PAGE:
I got selected for the first ever England team and we went on to win the Euros and played in Italy and Greece. We have a world cup next May, COVID- allowing. It’s very competitive.

Can you tell us about the importance of mental health care when you have a diagnosis?

It’s really hard because you realise as you go through the diagnostics that your life might be shortened. So you look around and find family is massively important, and friends and colleagues. What I found is your social side, football or whatever, is crucial. If you’re able to talk about it and express what you’re going through it’s amazing the people who come forward and give you that tap on the shoulder to say, ‘I experience this or that too.’ They start sharing with each other.

I’ve never known such a change with men. With sport and even in my job more men are starting to talk about their problems – mental health or physical disability from this kind of treatment. I think it’s been a big shift in the last few years, that men are more willing to talk about these things.

How was it at work?

My professional colleagues were good, I was able to tap into them. But they got stressed looking after me. We put in a strategy for that – as they were worried about me, I decided where I’d go for treatment, to come away from where I worked, because I was feeling the stress I was causing in everyone else, and that then helped me cope with mine.

It must have been scary for you?

Yeah it still bothers me daily now, you have to keep it under surveillance and you have to get to five years – that’s usually a turning point in cancer care. If you get to five years then you know you’re in a good place. Prostate cancer’s fairly curable and treatable anyway.

But talking about it, keeping fit and healthy, and using the people around you has been key. Using Prostate Cancer UK, Macmillan, there’s some great people out there.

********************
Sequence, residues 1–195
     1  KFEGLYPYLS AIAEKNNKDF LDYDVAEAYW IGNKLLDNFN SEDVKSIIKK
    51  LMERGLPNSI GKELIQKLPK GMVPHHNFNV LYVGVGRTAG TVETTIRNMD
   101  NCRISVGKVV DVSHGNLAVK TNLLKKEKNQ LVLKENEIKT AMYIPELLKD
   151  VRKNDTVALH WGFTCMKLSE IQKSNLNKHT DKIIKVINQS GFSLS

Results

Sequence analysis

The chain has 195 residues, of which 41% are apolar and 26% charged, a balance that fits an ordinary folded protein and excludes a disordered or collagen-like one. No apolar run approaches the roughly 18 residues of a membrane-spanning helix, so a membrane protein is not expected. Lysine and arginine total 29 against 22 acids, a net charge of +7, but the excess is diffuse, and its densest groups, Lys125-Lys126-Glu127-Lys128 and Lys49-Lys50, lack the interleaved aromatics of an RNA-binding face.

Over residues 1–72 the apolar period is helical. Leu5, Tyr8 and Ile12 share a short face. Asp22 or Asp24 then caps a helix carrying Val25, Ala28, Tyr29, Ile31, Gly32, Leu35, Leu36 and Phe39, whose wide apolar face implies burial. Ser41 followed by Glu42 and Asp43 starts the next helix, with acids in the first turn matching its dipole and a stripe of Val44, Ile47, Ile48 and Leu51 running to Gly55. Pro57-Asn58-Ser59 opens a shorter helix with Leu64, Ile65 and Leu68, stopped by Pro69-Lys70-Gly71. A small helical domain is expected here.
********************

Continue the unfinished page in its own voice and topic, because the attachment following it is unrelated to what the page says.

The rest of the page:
What has been the impact of COVID-19 on your work?

Prostate Cancer UK are doing a new initiative to try and raise awareness about this – my referrals have tailed off massively since COVID. I used to be seeing 15 new people a week to be diagnosed, and I’m seeing 3 or 4 now. So all these campaign to get people back to their doctors or aware that they need to get themselves checked is really important.

Prostate hard to diagnose isn’t it, and people are presumably less willing to have a check up?

Yeah a lot of it is ad hoc as a lot of people have no symptoms – so they might be at their GP having a repeat medication or different problem, and the GP might say you’re at that age where you should get checked. Or they might mention a little, apparently unrelated problem – a waterworks problem – and that can be enough to do a PSA.

About a third of our patients don’t have cancer but were knowledgeable enough to be screened out. People think they have to come for quite invasive investigations but they don’t now. Some people you can screen out quickly and some people need a few more tests before you can do that.

Now people aren’t seeing their GP and a lot’s being missed, that ad hoc ‘have an extra blood test’.